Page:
Dirofilaria immitis

Canine heart-worm can rarely infect humans.

A filarial nematode with the dog as the primary host.

Female adult parasites release microfilaria into the dog’s blood stream and mosquitoes transmit these to secondary hosts.

The microfilaria reside in subcutaneous tissue and muscle sheaths and then migrate via the capillaries to the right heart.

Worms in soft tissues reach sexual maturity by six months when they propagate and begin the cycle again.

In dogs worms can live in the heart and vascular space causing pulmonary, cerebral, liver, extremity infarct along with vena caval thromboses.

Can cause lung lesions that resemble malignant tumors.

Removal of the worm is the usual treatment.

Humans are accidental hosts, acquiring the worms after bites by infected mosquitoes.

Usually the worms die in the subcutaneous tissues, but occasionally survive and migrate to the right ventricle where they die and embolize to the pulmonary arteries causing thromboses.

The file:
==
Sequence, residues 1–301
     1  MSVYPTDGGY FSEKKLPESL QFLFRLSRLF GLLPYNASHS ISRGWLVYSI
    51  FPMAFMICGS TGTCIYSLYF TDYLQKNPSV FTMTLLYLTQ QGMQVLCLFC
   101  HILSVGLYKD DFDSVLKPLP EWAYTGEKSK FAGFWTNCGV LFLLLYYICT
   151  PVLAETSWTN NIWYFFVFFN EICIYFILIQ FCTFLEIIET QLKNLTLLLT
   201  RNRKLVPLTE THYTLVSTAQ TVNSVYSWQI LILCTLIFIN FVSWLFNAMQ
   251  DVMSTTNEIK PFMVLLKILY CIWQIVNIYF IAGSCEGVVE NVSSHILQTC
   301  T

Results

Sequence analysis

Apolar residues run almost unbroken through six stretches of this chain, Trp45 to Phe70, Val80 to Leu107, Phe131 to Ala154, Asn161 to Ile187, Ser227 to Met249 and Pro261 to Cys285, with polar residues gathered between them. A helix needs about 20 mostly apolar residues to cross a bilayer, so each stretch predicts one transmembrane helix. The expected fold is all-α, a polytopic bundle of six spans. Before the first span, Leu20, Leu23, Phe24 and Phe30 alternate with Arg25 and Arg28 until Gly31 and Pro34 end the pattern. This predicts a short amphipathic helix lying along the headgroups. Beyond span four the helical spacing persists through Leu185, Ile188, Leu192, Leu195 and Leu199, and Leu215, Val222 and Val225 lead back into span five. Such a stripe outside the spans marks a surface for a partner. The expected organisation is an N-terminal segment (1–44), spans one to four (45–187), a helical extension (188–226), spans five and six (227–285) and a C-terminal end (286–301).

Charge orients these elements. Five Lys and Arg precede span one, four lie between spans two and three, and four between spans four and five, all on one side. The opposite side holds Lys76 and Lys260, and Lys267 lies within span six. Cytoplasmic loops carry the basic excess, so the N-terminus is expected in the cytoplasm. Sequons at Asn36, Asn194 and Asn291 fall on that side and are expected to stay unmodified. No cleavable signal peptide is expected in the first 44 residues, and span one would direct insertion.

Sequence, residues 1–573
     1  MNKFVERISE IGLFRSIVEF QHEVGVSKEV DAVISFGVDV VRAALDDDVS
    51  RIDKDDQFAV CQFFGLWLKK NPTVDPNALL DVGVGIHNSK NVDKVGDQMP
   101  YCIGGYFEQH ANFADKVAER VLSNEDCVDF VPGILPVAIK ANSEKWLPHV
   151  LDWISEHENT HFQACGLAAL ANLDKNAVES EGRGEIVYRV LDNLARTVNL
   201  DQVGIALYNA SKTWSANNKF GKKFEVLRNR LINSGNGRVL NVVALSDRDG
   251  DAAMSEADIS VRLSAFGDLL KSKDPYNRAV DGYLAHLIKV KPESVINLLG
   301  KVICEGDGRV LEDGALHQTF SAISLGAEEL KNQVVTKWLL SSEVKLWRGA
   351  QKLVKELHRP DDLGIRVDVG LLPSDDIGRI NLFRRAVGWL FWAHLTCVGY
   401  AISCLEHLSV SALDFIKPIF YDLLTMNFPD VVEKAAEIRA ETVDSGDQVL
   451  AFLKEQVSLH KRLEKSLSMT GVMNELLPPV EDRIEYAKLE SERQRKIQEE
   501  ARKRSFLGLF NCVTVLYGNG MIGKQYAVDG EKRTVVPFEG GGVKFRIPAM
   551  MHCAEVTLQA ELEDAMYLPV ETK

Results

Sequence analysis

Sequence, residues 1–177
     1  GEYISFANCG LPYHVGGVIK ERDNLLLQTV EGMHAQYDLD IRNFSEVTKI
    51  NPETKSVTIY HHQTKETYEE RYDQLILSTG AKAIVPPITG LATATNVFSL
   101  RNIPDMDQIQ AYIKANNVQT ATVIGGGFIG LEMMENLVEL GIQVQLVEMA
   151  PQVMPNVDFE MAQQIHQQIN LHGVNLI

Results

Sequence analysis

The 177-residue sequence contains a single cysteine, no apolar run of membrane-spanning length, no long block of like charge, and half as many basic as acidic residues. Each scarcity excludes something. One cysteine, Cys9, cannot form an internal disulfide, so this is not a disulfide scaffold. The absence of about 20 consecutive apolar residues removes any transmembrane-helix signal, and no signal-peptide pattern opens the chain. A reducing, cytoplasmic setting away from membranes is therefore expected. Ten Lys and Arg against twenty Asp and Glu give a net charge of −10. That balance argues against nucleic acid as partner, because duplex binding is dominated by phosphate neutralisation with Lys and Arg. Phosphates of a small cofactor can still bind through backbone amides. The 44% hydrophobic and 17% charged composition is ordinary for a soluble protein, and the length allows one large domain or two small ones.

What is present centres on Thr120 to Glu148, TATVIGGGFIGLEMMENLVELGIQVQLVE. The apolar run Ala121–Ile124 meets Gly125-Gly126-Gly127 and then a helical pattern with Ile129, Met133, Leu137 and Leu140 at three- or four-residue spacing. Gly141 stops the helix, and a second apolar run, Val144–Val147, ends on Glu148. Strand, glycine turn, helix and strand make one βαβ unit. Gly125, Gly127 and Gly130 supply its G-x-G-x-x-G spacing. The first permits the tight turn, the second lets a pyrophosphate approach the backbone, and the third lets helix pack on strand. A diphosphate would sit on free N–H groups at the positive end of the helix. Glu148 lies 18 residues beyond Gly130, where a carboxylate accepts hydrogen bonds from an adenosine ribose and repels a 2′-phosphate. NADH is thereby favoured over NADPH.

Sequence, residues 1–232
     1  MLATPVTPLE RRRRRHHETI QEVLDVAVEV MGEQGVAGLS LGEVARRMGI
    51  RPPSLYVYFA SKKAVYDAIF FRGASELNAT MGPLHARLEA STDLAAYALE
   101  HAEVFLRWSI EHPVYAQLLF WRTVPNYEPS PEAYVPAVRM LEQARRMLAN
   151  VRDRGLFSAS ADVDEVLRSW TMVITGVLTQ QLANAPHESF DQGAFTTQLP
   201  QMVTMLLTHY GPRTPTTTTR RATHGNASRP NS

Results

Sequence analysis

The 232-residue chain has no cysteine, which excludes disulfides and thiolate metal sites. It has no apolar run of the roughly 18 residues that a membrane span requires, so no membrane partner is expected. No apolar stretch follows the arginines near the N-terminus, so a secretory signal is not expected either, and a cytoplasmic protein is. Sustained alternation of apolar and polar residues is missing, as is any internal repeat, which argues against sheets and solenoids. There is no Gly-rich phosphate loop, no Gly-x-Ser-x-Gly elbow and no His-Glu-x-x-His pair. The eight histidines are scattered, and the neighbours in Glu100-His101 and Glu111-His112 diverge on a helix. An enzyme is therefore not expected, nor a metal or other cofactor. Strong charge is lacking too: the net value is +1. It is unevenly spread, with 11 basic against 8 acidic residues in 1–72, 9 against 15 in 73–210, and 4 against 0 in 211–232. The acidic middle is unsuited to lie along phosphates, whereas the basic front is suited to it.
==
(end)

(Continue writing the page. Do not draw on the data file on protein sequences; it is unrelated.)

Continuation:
95% of cases involve a solitary lung lesion in humans.

Fewer than 100 cases of human disease reported in the U.S.

Number of human cases increasing secondary to uncontrolled infection in dogs.

Most cases asymptomatic, but can have cough, chest pain, hemoptysis eosinophilia and fever.

Evaluation is typical for pulmonary nodules.

The pulmonary nodule in humans usually results from an underdeveloped dead worm, and resection is the usual treatment.

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